We can distinguish three models of this new femininity:
The first developed in the circles of progressive milieus with a feminist bent. It represented the model of a liberated woman living in accordance with the spirit of modernity as understood at that time, distancing herself from the ideals of her ancestors though being constantly aware of the heritage of her mothers and grandmothers (e.g. the poetry of Raszel Weprińska, Celia Dropkin, Kadia Molodowsky).
The second was popularized in the feminism-oriented circles of Jewish Neo-Orthodoxy. It was embodied in the ideal of the so-called “New Rachel” – a young woman who consciously chooses religious identity, wants to remain a proud guardian of Jewishness but at the same time clearly emphasises her subjectivity, is educated, active, well-informed about political and social problems (e.g. the poetry of Rosa Jakubowicz, Miriam Ulinover).
The third was closely related to the post-revolutionary changes in the USSR and the image of the New Socialist Woman: emancipated and equal to men, participating in industrialisation, fighting on battlefronts with a rifle in her hands, and finding herself in a new type of relationship between a woman and a man based on free love (e.g. the poetry of Aniuta Piatigorska, Chana Lewin).
There were also some outliers whose work did not fit into any of these models, such as Debora Vogel or Chasia Kuperman, who focused on experimenting with the poetic form and could be considered the avant-garde of Yiddish literature.
In the interwar period, the new voice of women in Yiddish poetry – often revolutionary and radical – was repeatedly lambasted by literary critics, who expected conservatism from women's literary output.
The Holocaust was a terrible turning point which put a halt on the centuries-long development of Yiddish literature and language in Europe. Yiddish came to play a special role in the multilingual Holocaust literature – the role of a co-victim, witness, and guardian.
One of the first writers to discuss the Holocaust of Jews in poetry was Kadia Molodovsky. She tackled the subject as early as 1941, despite the fact that she had emigrated from Warsaw to New York in 1935. Her oeuvre is a wide panorama of Jewish experiences in the 20th century, all presented from a female perspective. From poetic manifestos of modern femininity (e.g. Froyen-lider published in 1927), through the complexity of the immigration experience (e.g. the novel Fun Lublin biz Nyu-York. Togbuch fun Rivke Zilberg [From Lublin to New York. Rivke Zilberg's Diary], 1942), up to the life in Israel (e.g. the novel Baym toyer. Roman fun dem lebn in Yisroel [At the Gate. A Novel about Life in Israel]). After World War II, Molodovsky became one of the leading figures in Yiddish literary life. In the years 1943–1944 and 1960–1974, she published the Svive literary quarterly, a unique phenomenon in the history of the Yiddish press.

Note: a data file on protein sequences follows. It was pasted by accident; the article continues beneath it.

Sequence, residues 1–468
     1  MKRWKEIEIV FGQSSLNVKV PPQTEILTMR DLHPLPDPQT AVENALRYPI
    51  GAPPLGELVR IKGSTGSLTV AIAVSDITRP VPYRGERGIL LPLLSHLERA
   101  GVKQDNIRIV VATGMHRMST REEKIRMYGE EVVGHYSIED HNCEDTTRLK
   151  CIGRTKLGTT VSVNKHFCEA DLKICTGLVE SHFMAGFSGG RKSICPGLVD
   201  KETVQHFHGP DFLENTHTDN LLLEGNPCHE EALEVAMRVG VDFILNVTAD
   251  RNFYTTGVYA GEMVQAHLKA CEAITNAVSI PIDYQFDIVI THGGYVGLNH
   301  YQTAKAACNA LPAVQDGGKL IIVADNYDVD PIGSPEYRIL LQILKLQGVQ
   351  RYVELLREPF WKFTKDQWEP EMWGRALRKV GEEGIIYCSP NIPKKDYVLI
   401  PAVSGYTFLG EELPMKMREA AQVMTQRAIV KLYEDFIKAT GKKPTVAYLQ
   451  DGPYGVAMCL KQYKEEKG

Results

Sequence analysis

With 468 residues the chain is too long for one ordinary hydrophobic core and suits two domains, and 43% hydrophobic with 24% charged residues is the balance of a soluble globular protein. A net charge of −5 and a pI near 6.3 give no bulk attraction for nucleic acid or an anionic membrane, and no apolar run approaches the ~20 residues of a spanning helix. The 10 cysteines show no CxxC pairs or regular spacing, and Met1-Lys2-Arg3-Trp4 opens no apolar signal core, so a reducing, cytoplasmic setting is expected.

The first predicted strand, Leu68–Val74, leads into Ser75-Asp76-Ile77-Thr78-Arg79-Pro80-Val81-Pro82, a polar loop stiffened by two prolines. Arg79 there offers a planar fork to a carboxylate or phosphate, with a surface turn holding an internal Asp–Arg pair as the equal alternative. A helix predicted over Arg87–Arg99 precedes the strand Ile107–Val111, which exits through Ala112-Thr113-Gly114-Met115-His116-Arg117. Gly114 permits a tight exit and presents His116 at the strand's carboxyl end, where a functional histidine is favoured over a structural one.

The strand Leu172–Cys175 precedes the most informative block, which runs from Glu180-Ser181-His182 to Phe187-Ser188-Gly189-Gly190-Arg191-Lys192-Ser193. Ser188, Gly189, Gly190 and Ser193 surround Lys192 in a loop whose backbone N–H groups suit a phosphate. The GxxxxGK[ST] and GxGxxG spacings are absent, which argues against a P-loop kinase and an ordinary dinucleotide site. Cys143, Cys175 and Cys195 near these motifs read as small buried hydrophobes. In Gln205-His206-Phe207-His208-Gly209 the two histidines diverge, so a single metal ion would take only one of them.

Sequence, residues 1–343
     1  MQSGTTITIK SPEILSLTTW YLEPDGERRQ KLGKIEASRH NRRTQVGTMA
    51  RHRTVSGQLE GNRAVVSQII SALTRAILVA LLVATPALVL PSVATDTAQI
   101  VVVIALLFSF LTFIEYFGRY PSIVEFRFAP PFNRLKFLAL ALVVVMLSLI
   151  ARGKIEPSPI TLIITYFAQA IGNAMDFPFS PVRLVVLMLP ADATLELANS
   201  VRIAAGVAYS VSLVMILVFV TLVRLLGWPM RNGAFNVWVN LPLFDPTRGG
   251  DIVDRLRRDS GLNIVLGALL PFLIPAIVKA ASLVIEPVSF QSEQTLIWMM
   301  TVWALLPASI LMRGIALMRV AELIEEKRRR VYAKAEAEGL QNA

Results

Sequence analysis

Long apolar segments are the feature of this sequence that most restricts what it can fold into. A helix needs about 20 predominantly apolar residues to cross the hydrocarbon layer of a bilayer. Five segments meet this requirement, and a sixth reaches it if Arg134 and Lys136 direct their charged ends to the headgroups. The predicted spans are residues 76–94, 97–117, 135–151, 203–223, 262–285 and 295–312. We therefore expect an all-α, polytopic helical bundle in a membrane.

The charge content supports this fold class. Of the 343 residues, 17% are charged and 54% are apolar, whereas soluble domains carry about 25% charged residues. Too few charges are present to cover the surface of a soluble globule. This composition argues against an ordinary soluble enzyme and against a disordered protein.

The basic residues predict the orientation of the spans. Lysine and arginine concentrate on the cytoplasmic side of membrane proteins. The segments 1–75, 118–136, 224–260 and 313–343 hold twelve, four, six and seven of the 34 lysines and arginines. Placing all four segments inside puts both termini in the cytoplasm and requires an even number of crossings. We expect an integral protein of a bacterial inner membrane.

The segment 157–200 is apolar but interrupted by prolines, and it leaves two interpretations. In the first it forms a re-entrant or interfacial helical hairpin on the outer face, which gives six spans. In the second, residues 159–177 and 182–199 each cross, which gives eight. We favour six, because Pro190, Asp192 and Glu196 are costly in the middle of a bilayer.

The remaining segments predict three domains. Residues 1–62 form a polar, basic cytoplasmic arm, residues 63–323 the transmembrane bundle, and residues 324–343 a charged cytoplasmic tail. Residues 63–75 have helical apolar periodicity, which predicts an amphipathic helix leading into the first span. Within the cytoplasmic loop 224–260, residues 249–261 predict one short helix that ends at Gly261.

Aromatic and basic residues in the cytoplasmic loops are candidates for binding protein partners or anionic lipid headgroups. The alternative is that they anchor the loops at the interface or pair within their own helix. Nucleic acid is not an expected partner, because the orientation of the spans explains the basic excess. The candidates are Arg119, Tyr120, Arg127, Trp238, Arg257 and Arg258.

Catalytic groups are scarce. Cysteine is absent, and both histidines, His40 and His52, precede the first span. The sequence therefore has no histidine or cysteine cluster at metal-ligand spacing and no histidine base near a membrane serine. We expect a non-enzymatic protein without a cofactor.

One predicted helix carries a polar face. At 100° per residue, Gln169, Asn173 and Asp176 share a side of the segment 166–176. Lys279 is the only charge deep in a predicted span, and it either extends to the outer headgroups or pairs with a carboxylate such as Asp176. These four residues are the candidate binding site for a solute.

Chava Rosenfarb – a Survivor of the Łódź ghetto, Auschwitz, and Bergen-Belsen – made significant contributions to international literature of the Holocaust. As a direct victim of the Holocaust, she largely devoted her poetry and prose to testifying to this boundless crime and to immortalising the annihilated world and culture through the written word. Her greatest achievement is Der boym fun lebn [The Tree of Life], a trilogy of novels published in 1972 – a wide panorama of the Jewish community living in the Łódź ghetto.
One of the most original female voices in post-war Yiddish poetry was the work by the Israeli poet Rukhl Fishman. In a refined, condensed form, she expressed the female experience of the kibbutz reality, the joy of carnality, and the struggle with a disease that ended her life prematurely.
The history of Jewish women’s poetry in Yiddish is not a closed chapter. Nowadays there are still authors writing in this language, for example, Gitl Schaechter-Viswanath (born in New York in 1958), Khayke Beruriah Wiegand (born in 1970, London). Particularly worth naming is also Irena Klepfisz (born in the Warsaw ghetto in 1941), who experiments with combining Yiddish with English in order to find answers to the dilemmas of secular Jewish identity.
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- Jidisze dichterins. Antologie, Korman E. (ed.), Shikago 1928.
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- Moja dzika koza. Antologia poetek jidysz, compiled by Szymaniak K., Lisek J., Szwarcman-Czarnota B., Krakow-Budapeszt-Syracuse 2018.
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- The Tribe of Dina. A Jewish Women’s Anthology, Kaye/Kantrowitz M., Klepfisz I. (eds.), Boston 1986.
- Women Writers of Yiddish Literature. Critical Essays, Horowitz R., North Carolina 2015.